With talk of compassion, promises and faith, Wisconsin legislators passed a bill to delay implementing BadgerCare and federal exchange transitions for three months during a special Assembly session Wednesday.

The bill passed 64-32, with five Democrats joining the Republicans in favor of the bill. It now heads to the Senate for approval.

Speaker Robin Vos, R-Rochester, said passing the bill to delay moving more than 70,000 families off BadgerCare until heathcare.gov and its system were effective was a “compassionate choice.”

“I would call that compassion,” Vos said. “I would call that helping the federal government who broke their promises, keep their word.”

The bill, which passed the Joint Finance Committee Monday by a 14-2 vote, would keep the 77,000 families who were expected to sign up with the federal health care exchange before Jan. 1 on BadgerCare until March 31.

However, due to the delay, 83,000 childless, young adults will not be moved onto BadgerCare until April, as the budget bill required.

Rep. Andy Jorgensen, D-Fort Atkinson, expressed deep concern with using the word compassion to describe the Assembly vote.

“You know, if my mom was here, she would say, ‘Compassionate my foot!'” Jorgensen said. “You are not being compassionate, so let’s throw that word away. On your talking points on your desk, cross it off.”

Republicans also rejected the Democrats’ amendment, which would have requested that federal Medicaid dollars be used to cover the 83,000 childless adults who were promised health care.

Assembly Minority Leader Peter Barca, D-Kenosha, said the federal dollars are waiting to be used and are not as “questionable” as Republicans believe.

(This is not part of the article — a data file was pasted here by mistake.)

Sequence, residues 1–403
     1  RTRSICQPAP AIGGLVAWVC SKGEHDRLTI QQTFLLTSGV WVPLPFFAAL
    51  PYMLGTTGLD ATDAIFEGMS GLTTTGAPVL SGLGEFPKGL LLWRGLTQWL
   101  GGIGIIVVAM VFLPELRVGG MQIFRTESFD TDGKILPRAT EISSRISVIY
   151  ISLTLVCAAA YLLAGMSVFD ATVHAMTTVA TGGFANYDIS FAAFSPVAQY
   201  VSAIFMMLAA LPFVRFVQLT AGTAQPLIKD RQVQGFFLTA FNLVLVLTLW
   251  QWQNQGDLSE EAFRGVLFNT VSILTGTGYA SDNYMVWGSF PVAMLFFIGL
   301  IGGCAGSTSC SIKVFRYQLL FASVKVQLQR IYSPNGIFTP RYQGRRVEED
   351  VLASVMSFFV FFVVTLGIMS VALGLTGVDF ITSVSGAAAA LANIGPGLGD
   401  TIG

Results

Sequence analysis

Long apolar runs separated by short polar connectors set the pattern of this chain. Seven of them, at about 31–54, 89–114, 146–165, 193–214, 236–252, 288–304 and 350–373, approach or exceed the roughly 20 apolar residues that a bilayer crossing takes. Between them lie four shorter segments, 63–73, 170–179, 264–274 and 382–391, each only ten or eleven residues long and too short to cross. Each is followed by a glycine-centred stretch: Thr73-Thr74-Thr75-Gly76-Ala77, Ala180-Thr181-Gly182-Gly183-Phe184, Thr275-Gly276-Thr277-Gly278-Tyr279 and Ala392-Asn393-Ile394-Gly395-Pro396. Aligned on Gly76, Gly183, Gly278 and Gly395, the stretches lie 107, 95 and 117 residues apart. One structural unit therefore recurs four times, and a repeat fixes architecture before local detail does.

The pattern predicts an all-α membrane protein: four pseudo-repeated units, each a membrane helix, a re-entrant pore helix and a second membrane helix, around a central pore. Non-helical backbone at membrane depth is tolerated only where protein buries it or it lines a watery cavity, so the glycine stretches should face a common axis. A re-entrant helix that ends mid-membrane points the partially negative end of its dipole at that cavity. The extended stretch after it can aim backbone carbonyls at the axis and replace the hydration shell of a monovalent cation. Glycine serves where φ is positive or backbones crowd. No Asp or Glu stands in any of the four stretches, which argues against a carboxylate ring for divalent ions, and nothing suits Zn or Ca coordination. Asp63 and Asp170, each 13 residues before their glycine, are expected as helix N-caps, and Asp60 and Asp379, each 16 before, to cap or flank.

JFC co-chair Rep. John Nygren, R-Marinette, said the Assembly had to hold a special session because of the failures of the federal government and the mistake of believing in it.

“The president of the United States’ signature program is an embarrassment to him, not us,” Nygren said. “We have been speaking for years about how this program would not work. And it didn’t work.”

In response to the Republican outcry over federal failure, Rep. Cory Mason, D-Racine, said the state’s health care system is in “crisis” not because of the failed website, but rather because of Gov. Scott Walker and the Republican majority.

Mason added that no other state besides Wisconsin have a similar situation because of the rejection of Medicaid dollars.

“The governor can’t have it both ways,” Mason said. “He can’t say that there is a failed federal program, but not acknowledge his complicity in that not working in Wisconsin because he failed to take federal Medicaid dollars.”

Democrats also requested the bill be referred to the Assembly Committee on Health. The motion was rejected.

Rep. Jon Richards, D-Milwaukee, said referring the bill to committee would allow the Assembly to examine the consequences of all actions more closely and allow the chance for childless adults to come forward and speak about the delay of their health care coverage.

However, Vos said he would prefer the Assembly address the issue sooner rather than later, as delaying the decision would place more uncertainty into Wisconsin families.

The Senate will take up the bill Dec. 19.